Lots of hotels have impressive art collections, but these ones go a step further and function as stand-alone museums as well as accommodations.
Benesse House, Japan
The Tadao Ando-designed Benesse House is located on the tiny Japanese island of Naoshima, a fishing community turned "art island" that hosts the Setouchi Art Triennal and is home to several permanent art installations and excellent museums. Guests of the Benesse House are granted access to the museum even after typical hours and have exclusive access to a six-seat monorail that runs up to the hotel’s Oval annex. Guest rooms in the museum are available in four styles and are decorated with drawings, paintings, and prints from the artists on exhibit. Rates start at $330.
In the 1950s when Uruguayan artist Carlos Páez Vilaró began to build Casapueblo, just outside of the glitzy beach resort of Punta del Este, he intended it to be his summer home. The artist retreated deeper into the home following the trauma of his son's experience in the infamous 1972 Andean plane crash, which formed the basis of the movie, Alive. Nowadays, though, the white stucco villa -- built entirely without angles -- houses a museum, hotel, and restaurant, not to mention a large collection of Vilaró's colorful artwork.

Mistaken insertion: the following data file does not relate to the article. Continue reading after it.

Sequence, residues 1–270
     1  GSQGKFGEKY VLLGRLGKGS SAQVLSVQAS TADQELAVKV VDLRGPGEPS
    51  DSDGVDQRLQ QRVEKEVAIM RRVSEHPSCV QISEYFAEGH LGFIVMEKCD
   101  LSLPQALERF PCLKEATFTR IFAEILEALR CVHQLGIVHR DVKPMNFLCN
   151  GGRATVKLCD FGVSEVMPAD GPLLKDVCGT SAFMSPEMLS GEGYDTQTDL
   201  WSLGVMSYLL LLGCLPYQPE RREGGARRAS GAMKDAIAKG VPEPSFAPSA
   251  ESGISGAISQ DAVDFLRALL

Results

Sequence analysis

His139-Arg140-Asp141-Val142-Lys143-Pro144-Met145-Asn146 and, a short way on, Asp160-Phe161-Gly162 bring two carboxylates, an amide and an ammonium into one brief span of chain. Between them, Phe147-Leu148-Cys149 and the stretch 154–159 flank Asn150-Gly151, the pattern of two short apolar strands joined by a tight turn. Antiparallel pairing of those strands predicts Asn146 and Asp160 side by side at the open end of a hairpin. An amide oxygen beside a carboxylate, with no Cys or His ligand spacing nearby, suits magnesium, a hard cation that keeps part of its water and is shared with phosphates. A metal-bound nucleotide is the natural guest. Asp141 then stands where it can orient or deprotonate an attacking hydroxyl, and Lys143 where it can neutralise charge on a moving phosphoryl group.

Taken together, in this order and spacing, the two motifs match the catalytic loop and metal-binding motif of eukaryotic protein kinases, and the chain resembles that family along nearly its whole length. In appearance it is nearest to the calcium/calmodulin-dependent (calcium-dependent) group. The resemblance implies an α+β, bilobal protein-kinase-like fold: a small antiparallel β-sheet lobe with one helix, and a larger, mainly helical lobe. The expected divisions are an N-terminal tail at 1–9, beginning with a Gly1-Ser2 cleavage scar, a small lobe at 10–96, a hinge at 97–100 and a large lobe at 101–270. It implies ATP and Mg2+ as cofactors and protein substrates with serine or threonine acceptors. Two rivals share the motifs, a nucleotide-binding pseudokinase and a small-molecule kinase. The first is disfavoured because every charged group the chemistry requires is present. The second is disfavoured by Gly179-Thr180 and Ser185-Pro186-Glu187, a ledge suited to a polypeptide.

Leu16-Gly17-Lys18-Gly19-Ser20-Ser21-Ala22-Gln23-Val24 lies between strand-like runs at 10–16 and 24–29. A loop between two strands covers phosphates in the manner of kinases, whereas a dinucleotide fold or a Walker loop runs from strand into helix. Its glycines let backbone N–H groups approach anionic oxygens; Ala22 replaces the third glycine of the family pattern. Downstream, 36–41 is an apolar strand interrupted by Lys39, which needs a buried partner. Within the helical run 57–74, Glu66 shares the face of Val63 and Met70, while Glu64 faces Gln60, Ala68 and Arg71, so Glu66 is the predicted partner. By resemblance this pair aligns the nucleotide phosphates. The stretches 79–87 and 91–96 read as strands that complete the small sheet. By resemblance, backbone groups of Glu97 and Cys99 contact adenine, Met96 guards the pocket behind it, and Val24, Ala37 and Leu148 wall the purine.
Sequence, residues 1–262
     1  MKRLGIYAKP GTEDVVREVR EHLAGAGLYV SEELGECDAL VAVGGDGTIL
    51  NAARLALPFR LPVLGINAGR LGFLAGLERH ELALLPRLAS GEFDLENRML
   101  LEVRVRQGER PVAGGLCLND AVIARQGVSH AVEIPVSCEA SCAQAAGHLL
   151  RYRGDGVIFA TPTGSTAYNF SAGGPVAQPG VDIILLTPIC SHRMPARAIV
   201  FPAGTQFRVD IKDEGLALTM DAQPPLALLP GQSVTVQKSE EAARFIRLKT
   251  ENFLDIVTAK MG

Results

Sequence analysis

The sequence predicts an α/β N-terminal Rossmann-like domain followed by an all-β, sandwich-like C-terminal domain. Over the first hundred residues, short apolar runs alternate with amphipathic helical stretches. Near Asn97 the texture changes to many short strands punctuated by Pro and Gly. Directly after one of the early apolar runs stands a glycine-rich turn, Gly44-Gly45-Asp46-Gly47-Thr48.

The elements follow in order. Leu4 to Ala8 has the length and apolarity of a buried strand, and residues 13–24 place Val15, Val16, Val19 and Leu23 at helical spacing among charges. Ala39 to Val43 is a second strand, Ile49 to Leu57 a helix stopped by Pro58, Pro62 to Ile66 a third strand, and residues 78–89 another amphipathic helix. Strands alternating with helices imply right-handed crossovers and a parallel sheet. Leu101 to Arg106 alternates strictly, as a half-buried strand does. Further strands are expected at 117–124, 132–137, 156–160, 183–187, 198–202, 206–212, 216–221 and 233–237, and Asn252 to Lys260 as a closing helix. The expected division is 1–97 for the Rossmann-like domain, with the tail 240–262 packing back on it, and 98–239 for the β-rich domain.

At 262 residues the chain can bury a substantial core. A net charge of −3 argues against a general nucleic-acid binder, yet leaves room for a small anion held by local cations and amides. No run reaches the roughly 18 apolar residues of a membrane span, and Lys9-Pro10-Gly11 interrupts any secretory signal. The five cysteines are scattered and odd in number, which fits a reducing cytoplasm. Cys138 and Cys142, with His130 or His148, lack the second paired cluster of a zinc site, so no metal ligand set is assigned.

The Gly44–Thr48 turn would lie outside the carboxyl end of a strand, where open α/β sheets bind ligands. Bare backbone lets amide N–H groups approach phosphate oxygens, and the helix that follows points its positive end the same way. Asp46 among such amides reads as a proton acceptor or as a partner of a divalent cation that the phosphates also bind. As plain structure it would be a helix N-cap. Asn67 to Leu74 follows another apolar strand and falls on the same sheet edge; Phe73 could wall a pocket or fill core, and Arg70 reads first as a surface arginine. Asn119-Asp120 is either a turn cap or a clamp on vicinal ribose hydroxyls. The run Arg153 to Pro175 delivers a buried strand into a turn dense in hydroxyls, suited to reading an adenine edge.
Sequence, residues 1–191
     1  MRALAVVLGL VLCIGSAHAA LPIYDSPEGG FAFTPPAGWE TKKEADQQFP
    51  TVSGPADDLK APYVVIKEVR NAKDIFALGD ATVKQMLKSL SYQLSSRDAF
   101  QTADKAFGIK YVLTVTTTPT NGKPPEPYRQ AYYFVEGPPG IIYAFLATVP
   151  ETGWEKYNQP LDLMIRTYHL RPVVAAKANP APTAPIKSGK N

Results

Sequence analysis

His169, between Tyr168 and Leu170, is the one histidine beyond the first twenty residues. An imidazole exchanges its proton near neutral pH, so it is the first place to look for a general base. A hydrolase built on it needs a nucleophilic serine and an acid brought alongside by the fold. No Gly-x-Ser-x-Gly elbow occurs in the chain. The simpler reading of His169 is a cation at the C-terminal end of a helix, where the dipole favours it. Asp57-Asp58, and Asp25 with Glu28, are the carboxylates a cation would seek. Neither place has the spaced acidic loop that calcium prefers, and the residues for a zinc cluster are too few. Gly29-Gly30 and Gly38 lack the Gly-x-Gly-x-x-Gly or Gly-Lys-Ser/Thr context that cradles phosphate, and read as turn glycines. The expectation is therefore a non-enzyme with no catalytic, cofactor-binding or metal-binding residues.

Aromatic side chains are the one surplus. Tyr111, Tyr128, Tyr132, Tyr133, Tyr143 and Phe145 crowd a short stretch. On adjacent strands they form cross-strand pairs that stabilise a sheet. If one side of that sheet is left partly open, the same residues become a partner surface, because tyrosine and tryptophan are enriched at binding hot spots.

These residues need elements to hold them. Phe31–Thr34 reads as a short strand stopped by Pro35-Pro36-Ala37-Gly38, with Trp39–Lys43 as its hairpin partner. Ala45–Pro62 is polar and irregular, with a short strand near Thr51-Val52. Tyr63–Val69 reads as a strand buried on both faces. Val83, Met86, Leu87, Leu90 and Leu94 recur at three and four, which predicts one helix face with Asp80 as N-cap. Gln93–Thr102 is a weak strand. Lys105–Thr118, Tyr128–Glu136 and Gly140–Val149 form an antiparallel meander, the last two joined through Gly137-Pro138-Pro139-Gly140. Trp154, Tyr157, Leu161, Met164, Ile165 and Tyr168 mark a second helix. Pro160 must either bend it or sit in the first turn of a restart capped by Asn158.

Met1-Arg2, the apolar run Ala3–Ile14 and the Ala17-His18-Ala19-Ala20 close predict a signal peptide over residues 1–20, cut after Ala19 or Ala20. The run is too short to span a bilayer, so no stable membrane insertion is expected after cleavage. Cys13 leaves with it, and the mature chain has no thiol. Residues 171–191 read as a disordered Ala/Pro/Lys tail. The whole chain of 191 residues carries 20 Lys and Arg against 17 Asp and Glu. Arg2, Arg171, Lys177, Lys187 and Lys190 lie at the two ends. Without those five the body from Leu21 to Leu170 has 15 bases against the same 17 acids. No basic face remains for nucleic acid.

Museum Art Hotel, New Zealand
Located in Wellington, the Museum Art Hotel holds more than 100 pieces of domestic and international art, collected by owner Chris Parkin. You'll find paintings and sculptures at every turn, as well as a few of his limited edition MV Augusta motorcycles. The hotel actually first opened at a different site around 650 feet away. Then, twenty years ago, Parkin simply turned it into a railway carriage and rolled it into its new position. Rates start at $198, and the hotel also offers extended stays and apartments.